To develop such processes, schools must have the power and flexibility to determine their own course. The sense of ownership that results when decisions are made at the school level rather than imposed from a central bureaucracy translates into a willingness to think and rethink each area of difficulty until it becomes an area of success. When problems arise, those involved do not immediately blame "the system" and give up. They are a vital part of the system.
During the past year, for example, Community Prep teachers and parents recognized that the school's advisory system was not working smoothly and together developed a strategy for improvement. Under the old system, each staff member was an advisor for 10 to 12 students and their families. Teachers tried to fit their advisory responsibilities in the cracks of the day--between periods, at lunch, or after school. They were not communicating effectively with families or other teachers about the students in their charge. This year, teachers plan to devote two class periods a week to their advisory groups: one hour to discussing issues of growing up or learning how to learn, the other to working together on neighborhood service projects.
By basing power in the schools, the independent-school model underscores the key role of teachers. "Dramatically improved outcomes for young adolescents require individualized, responsive, and creative approaches to teaching that will occur only when teachers are able to use their intimate knowledge of students to design instructional programs," the Carnegie Council observes.
When teachers are establishing goals for themselves and the school, and observing and coaching one another, their professionalism and competence will grow dramatically. Teachers at Community Prep schedule one coaching session with a peer every month. Some of the most constructive feedback I've ever received came from a first-year writing teacher who observed my math class last year. By focusing on elements I specified in advance, she helped me discover that one of the best ways to teach mathematics was to have students write math "chapters." In this exercise, students describe step-by-step how to solve a problem, give examples, and write a quiz.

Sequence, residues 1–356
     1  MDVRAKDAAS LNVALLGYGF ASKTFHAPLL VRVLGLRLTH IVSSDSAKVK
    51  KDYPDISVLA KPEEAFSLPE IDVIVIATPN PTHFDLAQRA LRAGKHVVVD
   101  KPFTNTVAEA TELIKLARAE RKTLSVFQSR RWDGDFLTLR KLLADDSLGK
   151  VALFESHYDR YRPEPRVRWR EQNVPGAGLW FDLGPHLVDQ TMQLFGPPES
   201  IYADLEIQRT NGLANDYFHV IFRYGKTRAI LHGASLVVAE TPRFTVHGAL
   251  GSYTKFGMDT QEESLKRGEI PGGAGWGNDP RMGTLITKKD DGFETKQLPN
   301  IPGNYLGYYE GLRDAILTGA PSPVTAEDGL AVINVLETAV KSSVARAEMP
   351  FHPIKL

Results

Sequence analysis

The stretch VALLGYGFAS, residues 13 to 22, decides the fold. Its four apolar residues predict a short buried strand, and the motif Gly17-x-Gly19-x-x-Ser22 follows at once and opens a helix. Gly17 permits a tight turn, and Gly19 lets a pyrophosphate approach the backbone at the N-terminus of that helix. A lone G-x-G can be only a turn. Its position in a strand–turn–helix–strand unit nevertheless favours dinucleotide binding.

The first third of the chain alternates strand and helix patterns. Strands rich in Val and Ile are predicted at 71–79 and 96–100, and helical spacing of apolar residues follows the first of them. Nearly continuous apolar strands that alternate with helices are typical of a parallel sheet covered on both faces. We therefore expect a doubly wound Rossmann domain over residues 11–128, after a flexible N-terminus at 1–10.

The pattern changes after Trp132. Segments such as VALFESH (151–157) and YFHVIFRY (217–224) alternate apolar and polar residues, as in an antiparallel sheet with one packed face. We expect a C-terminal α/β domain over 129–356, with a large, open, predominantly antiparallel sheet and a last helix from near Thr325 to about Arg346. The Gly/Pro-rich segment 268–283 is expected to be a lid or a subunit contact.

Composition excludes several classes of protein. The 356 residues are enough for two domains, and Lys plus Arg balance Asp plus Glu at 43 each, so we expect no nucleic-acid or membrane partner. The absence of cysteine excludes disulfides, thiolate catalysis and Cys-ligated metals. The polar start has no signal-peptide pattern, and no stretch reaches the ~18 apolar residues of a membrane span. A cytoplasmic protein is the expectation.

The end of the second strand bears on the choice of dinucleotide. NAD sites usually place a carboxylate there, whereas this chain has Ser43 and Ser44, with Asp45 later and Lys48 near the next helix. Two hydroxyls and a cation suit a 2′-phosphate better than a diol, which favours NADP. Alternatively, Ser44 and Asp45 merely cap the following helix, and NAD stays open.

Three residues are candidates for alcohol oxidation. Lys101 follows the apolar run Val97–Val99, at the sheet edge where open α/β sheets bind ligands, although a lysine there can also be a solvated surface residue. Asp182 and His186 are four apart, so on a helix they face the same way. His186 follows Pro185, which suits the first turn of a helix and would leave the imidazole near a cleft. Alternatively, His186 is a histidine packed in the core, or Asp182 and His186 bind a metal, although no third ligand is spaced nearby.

The "coach" listened to my ideas and gave me the opportunity to think aloud. We then combined some writing and math classes to integrate the idea within the curriculum. In their end-of-the-year evaluations, many students rated the "chapters" one of the most successful elements of the class.
In addition to parents and teachers, students in such schools will feel an increased sense of responsibility and can help effect change. Three years ago, for instance, the Rhode Island School for the Deaf thought our approach might work well for some of its students. At that time, Community Prep's student body was not nearly as diverse as it is now: It was 95 percent minority and 100 percent from the inner city. With some misgivings, we admitted three of the school's brightest 5th graders. These youngsters were not only deaf but also white and suburban. Would our students accept them?
The transition went well in the classrooms affected, with several Community Prep students learning sign language as a part of their studies. Three months into the school year, the older students, who didn't share any classes with the deaf children, demanded at a school meeting that we offer them sign-language classes after school. A parent of one of the deaf students taught the class. Our fear of cultural clash turned out to be more our problem then the students'; we were educated by their example that diversity is an important educational tool.
While successful educational communities of the present and future will look very different from one school to the next, most will be small enough to guarantee that each member plays a vital role. Eventually, Community Prep will expand to about 150 students--at which point, rather than continue to grow, we will encourage the creation of new schools.
Education will only change on a school-by-school basis. When parents and students are given the power to make schools accountable and teachers are given the freedom to approach challenges flexibly and intelligently, reform will take hold.
Vol. 9, Issue 6, Page 36